I almost didn’t write this D-Day Anniversary post. Frankly, my diabetes and I aren’t getting along too well.
For those of you who are new to my blog, I am a Type 1 diabetic, diagnosed in August 1985. That makes this week my 27th D-Day Anniversary. My diabetes is one of the things that spurred me to begin my fitness journey in 1999. I was struggling then; my body requiring more and more insulin and fighting to stay in control of my disease.
Starting my fitness journey helped me get my diabetes back in check. It wasn’t perfect, but I worked hard at it. I managed to keep my A1C at around 6.5 pretty consistently.
I thought that going on a pump, my OmniPod, in 2010 would help. And, in some ways, it did. My overnight lows, which were occurring 2-3 nights per week, stopped. This did wonders for my sleep, since these usually roused me about 2 a.m. It made my doctors happy too. But when the lows went away there wasn’t anything left to even out the highs. Slowly my A1C started to creep up.
As of my last test it was 7.9. I was furious. It doesn’t help my frustration that my monitor appeared to be way out of the acceptable of margin of error for its readings. My lab fasting glucose was 99. My monitor told me 69. That’s a big difference for a type 1 diabetic. 69 is low, I took some glucose tables prior to eating my breakfast and gave my bolus based on that low. At 99 my bolus should have been higher and no glucose boost was required. This was the third such occurrence but the first one my doctor actually took the time to address.
I was upset by the fact that I was working with bad data. It felt like my body and my tools were betraying me. It’s ironic that the doctor said, when I complained of my inaccurate glucose readings, that we shouldn’t worry about chasing a number. A diabetic’s whole life is spent chasing a number – our A1C. It determines the level of control we are deemed to have, impacting anything from being accepted for certain jobs to how much we pay for insurance.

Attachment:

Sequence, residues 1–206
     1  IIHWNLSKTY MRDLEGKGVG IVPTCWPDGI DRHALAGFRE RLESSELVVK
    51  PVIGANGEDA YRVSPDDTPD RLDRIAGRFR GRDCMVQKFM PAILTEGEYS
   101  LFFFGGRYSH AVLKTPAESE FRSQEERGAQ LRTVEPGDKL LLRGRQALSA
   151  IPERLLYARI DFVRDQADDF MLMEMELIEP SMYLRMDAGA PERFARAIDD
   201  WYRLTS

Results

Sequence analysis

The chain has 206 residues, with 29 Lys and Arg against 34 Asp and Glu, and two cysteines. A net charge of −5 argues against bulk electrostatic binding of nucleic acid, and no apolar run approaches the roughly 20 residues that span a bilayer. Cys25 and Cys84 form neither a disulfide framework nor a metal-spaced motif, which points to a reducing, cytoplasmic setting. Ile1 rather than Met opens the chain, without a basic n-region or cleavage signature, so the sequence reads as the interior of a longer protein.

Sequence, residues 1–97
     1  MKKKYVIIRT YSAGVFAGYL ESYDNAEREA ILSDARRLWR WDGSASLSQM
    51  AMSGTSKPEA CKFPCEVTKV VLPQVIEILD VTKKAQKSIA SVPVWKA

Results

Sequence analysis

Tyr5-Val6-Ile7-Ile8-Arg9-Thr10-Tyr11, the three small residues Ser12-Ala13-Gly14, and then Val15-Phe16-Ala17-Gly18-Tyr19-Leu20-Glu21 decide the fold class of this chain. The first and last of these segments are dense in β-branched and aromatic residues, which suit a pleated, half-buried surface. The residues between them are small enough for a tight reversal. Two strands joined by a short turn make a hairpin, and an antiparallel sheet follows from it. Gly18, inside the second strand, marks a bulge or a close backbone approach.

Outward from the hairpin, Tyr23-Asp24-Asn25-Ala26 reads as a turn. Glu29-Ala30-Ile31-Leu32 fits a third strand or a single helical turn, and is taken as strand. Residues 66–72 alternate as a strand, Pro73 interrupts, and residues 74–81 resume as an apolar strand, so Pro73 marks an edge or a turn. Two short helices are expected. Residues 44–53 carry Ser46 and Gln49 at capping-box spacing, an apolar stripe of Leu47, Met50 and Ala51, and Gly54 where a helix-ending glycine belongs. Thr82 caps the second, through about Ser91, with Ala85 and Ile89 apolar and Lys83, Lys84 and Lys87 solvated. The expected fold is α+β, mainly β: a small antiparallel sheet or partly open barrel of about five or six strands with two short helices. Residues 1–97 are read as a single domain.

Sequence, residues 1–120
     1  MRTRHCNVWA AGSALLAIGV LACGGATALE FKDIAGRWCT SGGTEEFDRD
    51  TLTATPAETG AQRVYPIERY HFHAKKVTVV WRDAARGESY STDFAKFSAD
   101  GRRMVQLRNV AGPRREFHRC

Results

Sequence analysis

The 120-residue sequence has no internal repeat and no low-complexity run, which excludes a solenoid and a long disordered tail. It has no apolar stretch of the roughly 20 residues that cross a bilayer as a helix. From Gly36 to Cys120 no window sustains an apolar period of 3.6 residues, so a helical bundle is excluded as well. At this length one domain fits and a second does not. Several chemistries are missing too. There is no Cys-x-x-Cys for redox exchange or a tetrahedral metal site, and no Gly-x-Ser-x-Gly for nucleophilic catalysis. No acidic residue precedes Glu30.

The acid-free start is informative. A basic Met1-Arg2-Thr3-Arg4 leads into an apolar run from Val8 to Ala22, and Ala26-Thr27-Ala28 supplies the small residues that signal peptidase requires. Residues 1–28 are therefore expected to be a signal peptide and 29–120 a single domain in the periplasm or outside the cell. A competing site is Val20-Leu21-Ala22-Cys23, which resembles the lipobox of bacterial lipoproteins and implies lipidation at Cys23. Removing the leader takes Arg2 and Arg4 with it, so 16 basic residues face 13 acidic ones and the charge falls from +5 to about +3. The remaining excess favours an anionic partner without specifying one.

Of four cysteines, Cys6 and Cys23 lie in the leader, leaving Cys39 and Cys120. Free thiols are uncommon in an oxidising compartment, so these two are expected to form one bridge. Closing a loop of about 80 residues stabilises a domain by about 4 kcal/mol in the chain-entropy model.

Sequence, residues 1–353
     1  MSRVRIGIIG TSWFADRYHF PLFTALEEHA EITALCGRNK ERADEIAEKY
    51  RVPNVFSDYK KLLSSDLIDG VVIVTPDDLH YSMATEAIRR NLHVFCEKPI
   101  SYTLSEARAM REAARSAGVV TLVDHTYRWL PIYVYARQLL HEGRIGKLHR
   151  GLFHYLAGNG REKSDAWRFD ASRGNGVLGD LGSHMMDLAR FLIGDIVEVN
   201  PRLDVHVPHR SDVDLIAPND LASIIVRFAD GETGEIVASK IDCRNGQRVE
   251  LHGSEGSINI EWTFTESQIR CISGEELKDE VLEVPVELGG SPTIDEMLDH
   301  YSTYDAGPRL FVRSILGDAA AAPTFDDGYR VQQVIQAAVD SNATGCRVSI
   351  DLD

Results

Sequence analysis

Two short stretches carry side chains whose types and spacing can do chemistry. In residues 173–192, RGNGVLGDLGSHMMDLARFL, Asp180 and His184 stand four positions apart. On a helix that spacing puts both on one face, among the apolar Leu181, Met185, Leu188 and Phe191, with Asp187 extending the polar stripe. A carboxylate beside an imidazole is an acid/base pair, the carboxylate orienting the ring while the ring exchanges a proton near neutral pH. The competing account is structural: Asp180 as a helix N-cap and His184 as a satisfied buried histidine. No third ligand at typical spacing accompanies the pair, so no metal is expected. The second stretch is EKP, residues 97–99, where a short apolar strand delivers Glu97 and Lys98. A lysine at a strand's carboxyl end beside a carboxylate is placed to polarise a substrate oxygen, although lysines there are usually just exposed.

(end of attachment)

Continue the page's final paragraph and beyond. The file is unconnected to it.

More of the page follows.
And I work very hard chasing this number. I test often, sometimes 10 times a day. I count carbs religiously. I don’t eat sugar (well, except when on vacation. Who can resist Parisian chocolates?). Yet, it seems to be slipping farther and farther away.
I feel the frustration much the way my clients do when stepping on the scale and the number doesn’t budge. They know they feel good. They know their clothes feel different. They have more energy and they feel stronger. Yet that number, it seems, invalidates their hard work.
When I saw that 7.9 pop up last month I felt the same way. All the finger sticks, all the fasting tests to adjust basal rates, all for what? I wanted to throw in the towel and stop caring. After some screaming and cursing, I took a few deep breaths and told myself what I tell my clients.
You are not a number.
I feel good when I eat the right foods. I feel better when I don’t have lows all day and all night. I feel great when I exercise; enjoying the freedom my pump gives me to go a little farther and a little longer. My A1C does not take that away. I have been relatively complication free (unless you count my impaired autoimmune system and thyroid). I intend to stay that way. My goal is to keep this body in the best shape possible until they can fix my broken pancreas.
So I’m going to keep at it. But I’m going to put that number aside for a bit. I can’t control it in the same way I can control my actions. I have a new meter that seems to be giving more accurate numbers. I can continue to test frequently and have faith in the calculations my pump makes for me instead of trying to second guess it. These are behaviors I can take action on.
When the number you’ve been chasing makes you crazy, stop and remember that you are not a number. You can’t control the scale directly. You can control what you put in your mouth, keeping a food journal and how many workouts you do. Focus on what you can control.
I’ve got 2 months left till my next lab appointment. Each day I’ll focus on the actions that I know are right. When the number comes, no matter what it says, it can’t take away how I feel or the good things I do for my body.